jakub | February 26, 2024

AMERICAN THEATRE | Who’s Afraid of ‘Kathy Acker’?

“Everything you can think of is true,” goes a Tom Waits lyric I find equal parts inspiring and chilling. It’s a line I thought of frequently while reading my old friend Jack Skelley’s trippy picaresque Fear of Kathy Acker, a channel-surfing fusillade of sex, self-loathing, and deadpan humor he originally wrote four decades ago, when he was a poet and musician on Los Angeles’s punk and alternative literary scenes. (We met not long after, when he was my editor at the L.A. Downtown News.) Fear of Kathy Acker’s anxious romp through Skelley’s pop-culture-warped consciousness, rife with jarring juxtapositions and tonal shifts, crudity and profundity, imagined dialogue and interior monologues, is both a kind of literary stunt—trolling before it had a name—and a deeply felt pushback against the tide of Reagan-era consumerism and sellout.

Its uncanny mix of transgression and sincerity may partly account for the book’s miraculous resurgence in the past year, and its unlikely embrace by L.A.’s current alt-lit scene. Published in full for the first time last June as The Complete Fear of Kathy Acker by Semiotext(e), a small but influential West Coast press run by Chris Kraus and Hedi El Kholti, it has achieved niche hit status and is now in its third printing. Even more remarkably, as an article earlier this year in Paper magazine put it, this lost ’80s classic by a straight white man now in his 60s has “emerged as a symbol for a new generation of writers and artists, many of whom are young, women and queer.”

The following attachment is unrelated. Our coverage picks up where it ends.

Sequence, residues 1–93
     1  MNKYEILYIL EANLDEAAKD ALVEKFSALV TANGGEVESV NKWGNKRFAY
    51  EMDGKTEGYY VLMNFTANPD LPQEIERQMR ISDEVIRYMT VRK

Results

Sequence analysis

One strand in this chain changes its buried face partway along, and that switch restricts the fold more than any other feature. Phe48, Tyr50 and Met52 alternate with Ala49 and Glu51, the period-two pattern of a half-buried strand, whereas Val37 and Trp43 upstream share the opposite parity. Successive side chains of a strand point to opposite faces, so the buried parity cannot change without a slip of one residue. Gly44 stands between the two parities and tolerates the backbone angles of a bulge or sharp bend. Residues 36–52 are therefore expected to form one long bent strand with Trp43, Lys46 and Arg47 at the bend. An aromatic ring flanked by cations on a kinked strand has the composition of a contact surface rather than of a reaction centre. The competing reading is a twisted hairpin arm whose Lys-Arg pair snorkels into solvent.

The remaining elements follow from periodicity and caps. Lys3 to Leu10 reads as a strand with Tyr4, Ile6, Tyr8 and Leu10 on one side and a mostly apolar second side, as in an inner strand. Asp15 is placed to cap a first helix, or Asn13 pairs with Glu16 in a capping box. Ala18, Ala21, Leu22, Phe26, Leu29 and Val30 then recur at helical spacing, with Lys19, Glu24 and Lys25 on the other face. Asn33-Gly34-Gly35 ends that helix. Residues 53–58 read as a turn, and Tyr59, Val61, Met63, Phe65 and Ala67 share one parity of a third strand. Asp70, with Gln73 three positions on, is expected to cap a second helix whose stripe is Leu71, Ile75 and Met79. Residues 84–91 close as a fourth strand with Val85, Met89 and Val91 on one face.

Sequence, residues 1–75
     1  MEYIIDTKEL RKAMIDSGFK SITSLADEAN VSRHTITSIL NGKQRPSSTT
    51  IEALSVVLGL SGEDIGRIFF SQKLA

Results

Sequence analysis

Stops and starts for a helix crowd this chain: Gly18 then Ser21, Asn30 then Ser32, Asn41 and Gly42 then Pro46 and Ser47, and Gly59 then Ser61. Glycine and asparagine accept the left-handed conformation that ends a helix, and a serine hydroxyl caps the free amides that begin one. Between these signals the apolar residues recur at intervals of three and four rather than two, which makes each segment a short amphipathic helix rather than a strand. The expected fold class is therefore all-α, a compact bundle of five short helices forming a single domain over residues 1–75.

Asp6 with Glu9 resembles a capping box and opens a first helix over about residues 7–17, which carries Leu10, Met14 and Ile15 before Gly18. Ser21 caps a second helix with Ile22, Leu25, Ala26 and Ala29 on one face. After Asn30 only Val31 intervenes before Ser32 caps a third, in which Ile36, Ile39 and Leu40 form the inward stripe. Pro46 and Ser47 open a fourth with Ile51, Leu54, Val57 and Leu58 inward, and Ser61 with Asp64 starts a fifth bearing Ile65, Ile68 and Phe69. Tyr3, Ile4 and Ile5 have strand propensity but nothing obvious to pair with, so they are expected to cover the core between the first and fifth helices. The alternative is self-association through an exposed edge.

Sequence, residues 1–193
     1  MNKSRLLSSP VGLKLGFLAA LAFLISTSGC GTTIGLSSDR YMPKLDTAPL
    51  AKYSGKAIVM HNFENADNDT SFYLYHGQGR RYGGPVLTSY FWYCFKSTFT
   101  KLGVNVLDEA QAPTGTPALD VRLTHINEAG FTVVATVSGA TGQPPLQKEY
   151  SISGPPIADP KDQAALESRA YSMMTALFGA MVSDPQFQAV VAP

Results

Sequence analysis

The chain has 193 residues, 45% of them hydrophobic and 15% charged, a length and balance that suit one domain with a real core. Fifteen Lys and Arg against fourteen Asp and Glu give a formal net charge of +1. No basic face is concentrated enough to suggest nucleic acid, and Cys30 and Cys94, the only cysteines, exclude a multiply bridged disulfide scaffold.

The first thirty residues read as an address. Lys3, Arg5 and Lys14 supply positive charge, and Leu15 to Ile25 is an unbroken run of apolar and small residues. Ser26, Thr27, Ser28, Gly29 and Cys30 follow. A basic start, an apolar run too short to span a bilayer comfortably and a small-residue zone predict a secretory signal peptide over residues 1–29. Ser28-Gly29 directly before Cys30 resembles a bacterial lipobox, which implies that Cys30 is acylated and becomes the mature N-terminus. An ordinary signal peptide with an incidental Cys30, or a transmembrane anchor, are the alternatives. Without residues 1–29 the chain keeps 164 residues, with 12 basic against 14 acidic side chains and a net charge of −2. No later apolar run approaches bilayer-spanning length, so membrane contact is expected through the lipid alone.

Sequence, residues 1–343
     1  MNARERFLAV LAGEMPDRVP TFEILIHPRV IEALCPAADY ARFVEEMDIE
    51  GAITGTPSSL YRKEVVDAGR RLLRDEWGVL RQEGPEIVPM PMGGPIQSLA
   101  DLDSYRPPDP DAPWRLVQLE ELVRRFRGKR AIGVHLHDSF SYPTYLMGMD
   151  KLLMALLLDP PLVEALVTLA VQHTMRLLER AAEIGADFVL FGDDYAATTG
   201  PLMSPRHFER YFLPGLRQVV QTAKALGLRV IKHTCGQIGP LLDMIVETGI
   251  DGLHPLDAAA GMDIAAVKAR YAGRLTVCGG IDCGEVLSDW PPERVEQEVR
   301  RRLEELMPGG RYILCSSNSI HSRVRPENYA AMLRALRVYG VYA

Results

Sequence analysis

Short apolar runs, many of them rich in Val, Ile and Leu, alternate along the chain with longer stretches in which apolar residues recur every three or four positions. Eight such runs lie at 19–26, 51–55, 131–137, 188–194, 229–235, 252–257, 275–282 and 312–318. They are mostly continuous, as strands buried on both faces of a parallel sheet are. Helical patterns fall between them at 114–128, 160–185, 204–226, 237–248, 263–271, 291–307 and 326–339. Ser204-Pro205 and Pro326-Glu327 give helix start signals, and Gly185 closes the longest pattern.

One of those women is Siena Foster-Soltis, a director and theatremaker who has turned Fear of Kathy Acker into a play with her L.A. company Conjugal Visit; it runs for three nights next week, Feb. 27-29, at Santa Monica’s Illusion Magic Lounge. Featuring a cast entirely comprising women and nonbinary folks, the play, Soltis-Foster said in a recent interview along with Skelley, is inspired as much by the book itself as by the phenomenon of its belated embrace.

“A large part of this production of Fear of Kathy Acker is both the actual scenes within the source text that happen as part of Jack’s psyche, but also the modern-day interpretation of the book and references to its relevance and currency today,” said Foster-Soltis, whose previous work with Conjugal Visit included last year’s interactive Contrition Pageant. She’s even inserted herself into the show “as a young woman who’s reading this book,” and the script makes room for “other young women’s reactions” to the source.